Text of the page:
Just 11 per cent said they would be persuaded to switch by the seven-day guarantee taking effect in September.
Instead the main reasons given for considering a change of current account depend on the actions of the existing provider. The expected exodus of customers from the big high street names in the wake of the financial crisis failed to materialise, with the exception of a few spikes in switching (to the likes of the Cooperative) following events such as the Libor crisis.
But 64 per cent of people told Consumer Intelligence that they would be very likely to move if their existing bank started charging them to use cash machines.
Banks that introduce obligatory charges on their current accounts could also lose a big chunk of custom – just over eight in ten respondents would be either very or fairly likely to change provider if this were to happen.
Negative elements, such as charges and fees, are the main factors that will make people change their current account, said David Black, banking specialist at Consumer Intelligence
“But this leads on to another issue: there are so many different overdraft charging structures that it is virtually impossible for a consumer to fathom out which account offers the best deal for their particular circumstances if they stray into overdraft,” he added.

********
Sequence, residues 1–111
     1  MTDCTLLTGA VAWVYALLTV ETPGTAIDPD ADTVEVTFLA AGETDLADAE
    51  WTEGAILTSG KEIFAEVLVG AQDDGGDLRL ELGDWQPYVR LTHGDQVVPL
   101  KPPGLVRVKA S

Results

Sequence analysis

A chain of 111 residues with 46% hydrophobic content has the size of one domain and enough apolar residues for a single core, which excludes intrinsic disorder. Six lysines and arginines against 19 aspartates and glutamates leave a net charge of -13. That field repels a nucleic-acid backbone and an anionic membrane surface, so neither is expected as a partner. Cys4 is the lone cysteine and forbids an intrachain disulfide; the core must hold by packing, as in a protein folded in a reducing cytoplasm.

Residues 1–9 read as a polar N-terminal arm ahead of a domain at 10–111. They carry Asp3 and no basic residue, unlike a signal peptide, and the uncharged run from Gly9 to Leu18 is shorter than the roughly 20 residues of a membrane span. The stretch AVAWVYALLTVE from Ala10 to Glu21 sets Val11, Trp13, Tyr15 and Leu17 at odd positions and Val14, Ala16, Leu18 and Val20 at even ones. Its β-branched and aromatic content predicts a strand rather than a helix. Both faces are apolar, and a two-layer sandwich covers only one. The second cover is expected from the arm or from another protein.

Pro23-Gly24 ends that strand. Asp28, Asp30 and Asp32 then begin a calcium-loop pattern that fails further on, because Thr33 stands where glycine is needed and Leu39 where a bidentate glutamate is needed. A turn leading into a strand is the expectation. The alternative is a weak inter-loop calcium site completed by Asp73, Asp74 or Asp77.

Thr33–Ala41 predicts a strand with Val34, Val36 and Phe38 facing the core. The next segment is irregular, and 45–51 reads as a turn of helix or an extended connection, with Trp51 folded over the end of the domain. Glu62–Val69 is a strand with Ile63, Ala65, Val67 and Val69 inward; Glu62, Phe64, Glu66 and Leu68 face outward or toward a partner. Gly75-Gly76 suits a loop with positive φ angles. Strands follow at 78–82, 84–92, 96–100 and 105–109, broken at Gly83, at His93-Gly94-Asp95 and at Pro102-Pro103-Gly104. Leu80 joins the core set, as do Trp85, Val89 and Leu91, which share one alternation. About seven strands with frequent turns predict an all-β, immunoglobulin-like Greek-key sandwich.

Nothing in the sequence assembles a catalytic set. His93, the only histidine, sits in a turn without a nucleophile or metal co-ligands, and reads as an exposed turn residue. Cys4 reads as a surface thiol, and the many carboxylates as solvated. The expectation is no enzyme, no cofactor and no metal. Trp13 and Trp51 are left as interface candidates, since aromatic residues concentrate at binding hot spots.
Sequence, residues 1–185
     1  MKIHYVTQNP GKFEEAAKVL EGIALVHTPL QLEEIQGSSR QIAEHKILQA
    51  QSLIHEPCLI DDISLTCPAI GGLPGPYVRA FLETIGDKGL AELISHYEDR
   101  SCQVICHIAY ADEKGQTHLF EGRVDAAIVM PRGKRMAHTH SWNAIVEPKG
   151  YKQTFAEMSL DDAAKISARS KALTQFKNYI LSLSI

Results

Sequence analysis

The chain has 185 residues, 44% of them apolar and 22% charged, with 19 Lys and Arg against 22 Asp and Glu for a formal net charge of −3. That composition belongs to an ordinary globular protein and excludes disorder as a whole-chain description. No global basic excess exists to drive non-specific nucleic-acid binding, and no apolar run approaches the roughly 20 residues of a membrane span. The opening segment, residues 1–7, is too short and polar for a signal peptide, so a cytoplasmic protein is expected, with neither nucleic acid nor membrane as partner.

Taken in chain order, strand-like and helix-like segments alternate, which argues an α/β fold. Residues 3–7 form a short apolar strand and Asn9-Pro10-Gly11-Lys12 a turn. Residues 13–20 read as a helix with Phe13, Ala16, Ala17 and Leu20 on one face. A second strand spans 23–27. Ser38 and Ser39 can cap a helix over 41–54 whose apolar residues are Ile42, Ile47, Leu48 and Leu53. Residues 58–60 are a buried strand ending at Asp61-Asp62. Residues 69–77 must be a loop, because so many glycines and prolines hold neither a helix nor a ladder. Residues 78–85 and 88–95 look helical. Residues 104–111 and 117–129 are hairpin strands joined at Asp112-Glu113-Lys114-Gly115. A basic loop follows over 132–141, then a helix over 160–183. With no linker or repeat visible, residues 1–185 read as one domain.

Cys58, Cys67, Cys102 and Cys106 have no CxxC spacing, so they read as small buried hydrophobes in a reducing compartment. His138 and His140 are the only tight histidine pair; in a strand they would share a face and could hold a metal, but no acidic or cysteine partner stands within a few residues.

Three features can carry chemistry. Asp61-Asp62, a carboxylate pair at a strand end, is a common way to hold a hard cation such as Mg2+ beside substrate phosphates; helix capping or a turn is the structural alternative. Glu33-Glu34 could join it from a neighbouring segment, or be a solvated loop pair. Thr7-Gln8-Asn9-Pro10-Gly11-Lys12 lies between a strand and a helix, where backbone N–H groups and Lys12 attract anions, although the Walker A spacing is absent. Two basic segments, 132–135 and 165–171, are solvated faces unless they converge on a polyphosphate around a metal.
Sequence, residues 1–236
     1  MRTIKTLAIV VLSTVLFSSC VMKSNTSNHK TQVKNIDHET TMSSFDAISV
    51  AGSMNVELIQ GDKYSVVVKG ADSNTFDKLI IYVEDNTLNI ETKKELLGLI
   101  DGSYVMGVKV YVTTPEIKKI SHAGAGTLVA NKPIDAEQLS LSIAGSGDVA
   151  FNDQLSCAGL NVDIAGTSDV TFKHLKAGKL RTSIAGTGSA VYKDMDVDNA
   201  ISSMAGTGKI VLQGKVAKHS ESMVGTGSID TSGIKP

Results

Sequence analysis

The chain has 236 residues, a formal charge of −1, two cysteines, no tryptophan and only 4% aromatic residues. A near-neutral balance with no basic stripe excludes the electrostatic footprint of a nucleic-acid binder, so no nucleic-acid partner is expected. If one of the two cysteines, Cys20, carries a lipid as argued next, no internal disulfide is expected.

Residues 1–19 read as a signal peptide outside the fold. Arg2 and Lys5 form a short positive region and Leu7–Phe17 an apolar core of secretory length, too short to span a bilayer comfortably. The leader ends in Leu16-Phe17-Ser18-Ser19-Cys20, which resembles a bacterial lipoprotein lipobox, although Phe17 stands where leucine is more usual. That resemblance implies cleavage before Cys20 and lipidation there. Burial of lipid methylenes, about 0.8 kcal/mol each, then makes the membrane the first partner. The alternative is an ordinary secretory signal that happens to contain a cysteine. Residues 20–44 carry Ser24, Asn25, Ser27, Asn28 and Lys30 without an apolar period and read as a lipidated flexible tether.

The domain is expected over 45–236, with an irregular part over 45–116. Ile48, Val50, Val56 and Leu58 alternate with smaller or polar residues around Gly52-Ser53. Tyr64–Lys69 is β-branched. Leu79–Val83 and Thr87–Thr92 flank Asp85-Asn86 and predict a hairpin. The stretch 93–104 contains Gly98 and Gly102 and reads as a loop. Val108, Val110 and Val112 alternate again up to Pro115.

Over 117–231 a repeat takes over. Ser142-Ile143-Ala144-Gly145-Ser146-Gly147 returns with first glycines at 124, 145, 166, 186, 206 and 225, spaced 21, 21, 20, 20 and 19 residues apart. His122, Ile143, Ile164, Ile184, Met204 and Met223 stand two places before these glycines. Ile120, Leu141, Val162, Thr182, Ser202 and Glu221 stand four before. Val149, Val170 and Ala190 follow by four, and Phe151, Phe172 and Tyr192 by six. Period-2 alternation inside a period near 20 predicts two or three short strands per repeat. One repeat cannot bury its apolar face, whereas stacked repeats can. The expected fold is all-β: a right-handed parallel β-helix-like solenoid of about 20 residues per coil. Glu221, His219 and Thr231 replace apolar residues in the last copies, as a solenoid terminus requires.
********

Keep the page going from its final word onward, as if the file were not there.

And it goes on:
There are some product features that could get more of us to consider changing to a different current account, however. More than a fifth would be persuaded to switch if a particular mortgage deal was only available if they moved their current account to that provider.
The low interest rate environment may also be a factor, with almost four in ten respondents saying they would consider a switch to a current account with a better interest rate on credit balances.
Eyecatching overdraft rates are well down the priority list, perhaps surprisingly – just 12 per cent said they would be very likely to switch if another bank offered a more attractive overdraft deal.
But innovation could yet prompt more people to think about leaving their existing bank, according to Andrew Hagger of Moneycomms.co.uk. He pointed to the success of the 123 account from Santander. This charges a £2 monthly fee but features cashback on some direct debit payments and a decent rate of interest on credit balances.